“At first, this was a side hustle to bring in extra cash. But within six months, I had 50 students and began teaching full-time. My husband lost his job in 2016, so I became the primary breadwinner. Today, I earn an average of $8,000 a month teaching private lessons in person and online. I have about 60 students, from young kids to grown-ups, and typically teach 45 hours each week.”
“TakeLessons does the marketing for me, so I can focus on what I do best: teaching. I love that I don’t have to worry about finding my next student.
“The best part: I can do what I love and support my family, without having to rely on an employer. TakeLessons allows me to teach where I want to teach, who I want to teach, when I want to teach and how I want to teach!” — as told to Hannah Chenoweth
5. Work from home teaching jobs: Teach on YouTube
Chances are, you’ve watched quite a few videos on YouTube. Well, you can upload your own videos of your virtual lessons to YouTube for students to view. While you don’t get paid through royalties earned from views or from per-lesson fees, there is the potential to earn ad revenue through YouTube’s Partner Program. And those earnings can add up quick! According to Business Insider YouTube content providers earn between $1.61 and $29.30 per 1,000 views, which can lead to raking in hundreds, even thousands, every month.
To become eligible for ad-sharing revenue, you’ll need to get 1,000 subscribers along with 4,000 hours of viewed video within the previous 12 months. You can then apply to become a YouTube Partner in your YouTube Studio dashboard (in the left menu, click Earn, then Apply).
The more subscribers you get, the higher your earnings tend to go. And since YouTube is the second most-visited website on the Internet behind Google, there’s plenty of opportunity to accumulate subscribers.
Another way to earn with virtual classes on YouTube is by selling goods related to your lesson subject. For example, if you teach jewelry-making, you can promote your Etsy store. And if you teach yard sale flipping, you can promote your eBay store.
Success story: “I bring in a full-time income teaching others how to knit!”
“My grandmother was an experienced and talented knitter, and when she passed away, I inherited her knitting books,” says Kristen McDonnell, 53. “My sister was pregnant at the time, so I thought it would be fun to knit blankets and clothes for the new baby, and I turned to YouTube to learn how.”
“Ten years later, my sister was working for a company that helps YouTubers grow their audiences in exchange for a cut of their ad revenue. They were looking for a channel about knitting, and she asked me if I knew of a good one. There were some, but they weren’t very engaging, so I offered to create one myself. My sister asked me to pitch a few videos and said it was okay if they weren’t professional looking. I created a cardboard contraption to get a good view of my hands, used my iPad to film and named my channel ‘Studio Knit.’ After two videos, the agency signed me, and although they didn’t pay me, I received free education, music and collaborations with their other clients to help me grow my channel.”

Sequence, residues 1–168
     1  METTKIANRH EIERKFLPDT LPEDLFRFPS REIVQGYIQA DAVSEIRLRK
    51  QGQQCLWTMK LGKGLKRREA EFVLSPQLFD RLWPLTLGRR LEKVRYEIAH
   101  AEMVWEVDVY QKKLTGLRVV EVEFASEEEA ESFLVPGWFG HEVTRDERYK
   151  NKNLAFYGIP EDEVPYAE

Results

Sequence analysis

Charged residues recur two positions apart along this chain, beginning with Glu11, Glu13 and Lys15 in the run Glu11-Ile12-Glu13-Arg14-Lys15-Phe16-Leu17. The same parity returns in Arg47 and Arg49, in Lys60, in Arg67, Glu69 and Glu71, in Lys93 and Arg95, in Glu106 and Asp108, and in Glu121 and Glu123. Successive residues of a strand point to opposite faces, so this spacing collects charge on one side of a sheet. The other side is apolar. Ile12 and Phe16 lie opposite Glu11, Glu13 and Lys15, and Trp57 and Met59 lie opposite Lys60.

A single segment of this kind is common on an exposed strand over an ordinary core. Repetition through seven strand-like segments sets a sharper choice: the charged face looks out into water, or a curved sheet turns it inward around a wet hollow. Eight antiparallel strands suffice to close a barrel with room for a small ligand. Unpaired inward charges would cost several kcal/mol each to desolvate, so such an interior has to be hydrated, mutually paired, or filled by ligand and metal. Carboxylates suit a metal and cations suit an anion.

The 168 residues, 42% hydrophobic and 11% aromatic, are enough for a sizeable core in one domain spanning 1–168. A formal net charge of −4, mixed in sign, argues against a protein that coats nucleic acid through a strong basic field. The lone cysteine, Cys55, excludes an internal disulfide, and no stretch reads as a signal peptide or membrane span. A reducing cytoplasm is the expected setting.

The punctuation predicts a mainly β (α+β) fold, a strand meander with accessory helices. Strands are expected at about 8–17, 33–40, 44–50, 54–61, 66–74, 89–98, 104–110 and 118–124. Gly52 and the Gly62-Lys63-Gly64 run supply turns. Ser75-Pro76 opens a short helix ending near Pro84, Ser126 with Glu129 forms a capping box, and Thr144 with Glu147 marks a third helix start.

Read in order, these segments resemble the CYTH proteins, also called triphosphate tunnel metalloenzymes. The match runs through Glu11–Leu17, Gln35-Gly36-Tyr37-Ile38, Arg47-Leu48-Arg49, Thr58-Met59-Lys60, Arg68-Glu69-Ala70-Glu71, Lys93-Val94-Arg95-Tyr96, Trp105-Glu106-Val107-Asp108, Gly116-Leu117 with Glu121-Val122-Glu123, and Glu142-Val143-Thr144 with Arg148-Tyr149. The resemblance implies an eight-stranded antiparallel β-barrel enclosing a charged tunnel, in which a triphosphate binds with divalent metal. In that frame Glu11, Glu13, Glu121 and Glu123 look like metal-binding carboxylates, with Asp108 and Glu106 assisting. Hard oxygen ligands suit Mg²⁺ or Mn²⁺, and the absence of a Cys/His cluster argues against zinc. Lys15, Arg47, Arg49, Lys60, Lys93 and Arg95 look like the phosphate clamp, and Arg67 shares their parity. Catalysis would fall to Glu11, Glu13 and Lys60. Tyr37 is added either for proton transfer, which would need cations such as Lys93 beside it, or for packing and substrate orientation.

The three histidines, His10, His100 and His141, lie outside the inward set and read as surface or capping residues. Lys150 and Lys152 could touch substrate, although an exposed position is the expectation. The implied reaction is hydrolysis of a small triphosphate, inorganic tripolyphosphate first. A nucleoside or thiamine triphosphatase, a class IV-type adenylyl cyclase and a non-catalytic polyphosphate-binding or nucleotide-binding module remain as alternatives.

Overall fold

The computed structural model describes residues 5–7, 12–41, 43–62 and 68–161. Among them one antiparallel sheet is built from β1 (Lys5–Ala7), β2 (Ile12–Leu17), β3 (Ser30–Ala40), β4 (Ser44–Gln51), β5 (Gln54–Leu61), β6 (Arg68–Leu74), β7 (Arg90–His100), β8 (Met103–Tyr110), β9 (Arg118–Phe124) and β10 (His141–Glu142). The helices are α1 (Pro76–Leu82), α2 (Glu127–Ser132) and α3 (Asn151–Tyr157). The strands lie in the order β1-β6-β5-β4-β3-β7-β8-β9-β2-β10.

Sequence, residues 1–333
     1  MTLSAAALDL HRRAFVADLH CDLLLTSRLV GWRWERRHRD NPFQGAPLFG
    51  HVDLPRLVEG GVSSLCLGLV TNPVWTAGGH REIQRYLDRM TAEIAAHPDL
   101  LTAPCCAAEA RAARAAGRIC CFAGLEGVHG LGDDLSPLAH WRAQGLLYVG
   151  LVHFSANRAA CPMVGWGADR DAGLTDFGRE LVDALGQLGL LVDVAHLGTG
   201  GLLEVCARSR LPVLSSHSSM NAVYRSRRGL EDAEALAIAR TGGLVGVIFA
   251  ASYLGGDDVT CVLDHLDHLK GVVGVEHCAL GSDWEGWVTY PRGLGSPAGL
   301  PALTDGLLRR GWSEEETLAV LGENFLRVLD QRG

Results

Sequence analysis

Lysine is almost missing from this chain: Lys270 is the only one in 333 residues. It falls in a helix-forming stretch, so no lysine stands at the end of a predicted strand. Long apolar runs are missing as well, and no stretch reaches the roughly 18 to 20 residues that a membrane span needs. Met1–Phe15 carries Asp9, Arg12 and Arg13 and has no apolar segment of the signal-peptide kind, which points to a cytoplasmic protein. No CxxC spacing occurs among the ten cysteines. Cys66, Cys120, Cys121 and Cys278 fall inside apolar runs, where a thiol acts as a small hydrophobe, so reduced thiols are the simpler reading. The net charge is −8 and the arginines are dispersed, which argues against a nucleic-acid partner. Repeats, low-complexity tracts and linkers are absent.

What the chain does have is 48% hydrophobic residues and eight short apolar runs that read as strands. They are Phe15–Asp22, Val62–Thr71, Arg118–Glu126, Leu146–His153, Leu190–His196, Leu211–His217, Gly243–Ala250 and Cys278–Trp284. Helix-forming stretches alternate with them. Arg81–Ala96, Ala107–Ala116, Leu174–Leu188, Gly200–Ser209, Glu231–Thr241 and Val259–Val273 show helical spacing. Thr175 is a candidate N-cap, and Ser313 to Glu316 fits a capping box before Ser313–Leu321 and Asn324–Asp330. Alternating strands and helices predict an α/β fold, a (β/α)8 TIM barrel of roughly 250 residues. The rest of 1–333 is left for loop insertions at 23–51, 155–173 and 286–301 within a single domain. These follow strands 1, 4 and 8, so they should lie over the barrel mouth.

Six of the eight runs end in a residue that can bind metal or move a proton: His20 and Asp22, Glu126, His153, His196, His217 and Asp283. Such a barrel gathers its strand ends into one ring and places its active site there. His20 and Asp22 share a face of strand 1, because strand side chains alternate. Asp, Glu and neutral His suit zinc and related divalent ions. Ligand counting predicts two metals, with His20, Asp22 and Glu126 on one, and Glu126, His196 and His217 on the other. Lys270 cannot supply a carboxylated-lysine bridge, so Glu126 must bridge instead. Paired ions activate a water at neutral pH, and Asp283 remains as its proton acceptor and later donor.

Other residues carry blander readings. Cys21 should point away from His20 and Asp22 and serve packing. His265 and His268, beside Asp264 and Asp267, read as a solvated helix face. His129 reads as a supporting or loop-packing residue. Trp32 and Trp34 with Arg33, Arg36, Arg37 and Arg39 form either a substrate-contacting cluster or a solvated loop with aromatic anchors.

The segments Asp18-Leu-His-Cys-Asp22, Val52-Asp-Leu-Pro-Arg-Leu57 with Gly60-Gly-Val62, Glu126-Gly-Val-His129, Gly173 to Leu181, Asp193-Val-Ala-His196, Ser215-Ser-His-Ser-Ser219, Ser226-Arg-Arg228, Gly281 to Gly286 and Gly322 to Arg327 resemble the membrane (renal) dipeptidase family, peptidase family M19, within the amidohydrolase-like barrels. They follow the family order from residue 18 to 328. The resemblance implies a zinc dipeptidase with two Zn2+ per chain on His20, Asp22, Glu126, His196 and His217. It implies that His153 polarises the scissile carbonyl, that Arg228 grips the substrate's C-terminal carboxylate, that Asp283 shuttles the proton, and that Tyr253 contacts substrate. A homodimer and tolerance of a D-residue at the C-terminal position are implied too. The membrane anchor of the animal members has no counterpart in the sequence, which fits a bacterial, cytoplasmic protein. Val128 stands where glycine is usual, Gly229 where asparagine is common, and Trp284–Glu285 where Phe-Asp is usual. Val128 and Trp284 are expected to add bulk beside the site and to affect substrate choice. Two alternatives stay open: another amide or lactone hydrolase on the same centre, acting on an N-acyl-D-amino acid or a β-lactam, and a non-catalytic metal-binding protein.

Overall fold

“Eventually, I decided to go out on my own. I started publishing one teaching video per week on YouTube on topics like techniques, knitting projects, product reviews and Q&As, making sure to go slowly so the videos would be easy to understand. I monetize the videos with ads, which pay by minutes watched. I also have brand partnerships with companies that pay me to demonstrate and recommend their products. I market the videos through my blog, social media, especially Pinterest, and my email newsletter.”
“I love creating videos, and when people email me their feedback and success stories, it warms my heart! I now make a full-time income and I’m only working part-time hours! The money I make pays the bills and for guilty pleasures like manicures and vacations to Hawaii!” — as told to Julie Revelant
To get started
How to be successful as a work-from-home teacher
“Focus on engagement and building relationships,” recommends Jones. “When students are having fun and feel comfortable with you, they will be ready to learn. Though virtual teaching sessions may be short, always spend time intentionally checking in with your students.”
It’s also important to manage your time and energy when doing work from home teaching jobs. “Consider how many sessions you can realistically do every day,” Jones advises. “Teaching can be exhausting, particularly with back-to-back sessions. Ideally, build in breaks between sessions so you can have a moment to rest and recharge.”
How to help students learn best when teaching from home
“Reduce the amount of content that you are trying to share,” urges Bortner. “Our natural tendency is to want to provide as much knowledge as possible to ensure our students feel like their investment was valuable,” she notes about work from home teaching jobs. “But too much knowledge overwhelms and paralyzes the student. And they can’t get the value of your program if they don’t finish it. If you are new to teaching, usually your initial plan could be divided into 2 or 3 separate classes.”
Also smart: When teaching a skills-based live class (such as knitting or playing the guitar), keep in mind how long it typically takes for students to learn and complete tasks (such as copying a stitch or chord you demonstrate) in real time. “A good rule of thumb for determining how long it will take a student to complete a specific task or portion of a project is 3:1. For every 1 minute/hour it takes you to do the activity, it will take 3 minutes/hours for the student to complete the same activity in a class setting,” Bortner points out. “This ratio includes your time to teach as well as their time to actually do what you’ve taught,” she adds. “You don’t want to feel like you’re rushing or having to cut content on the fly.”
For more ways to earn money working from home, click through the links below!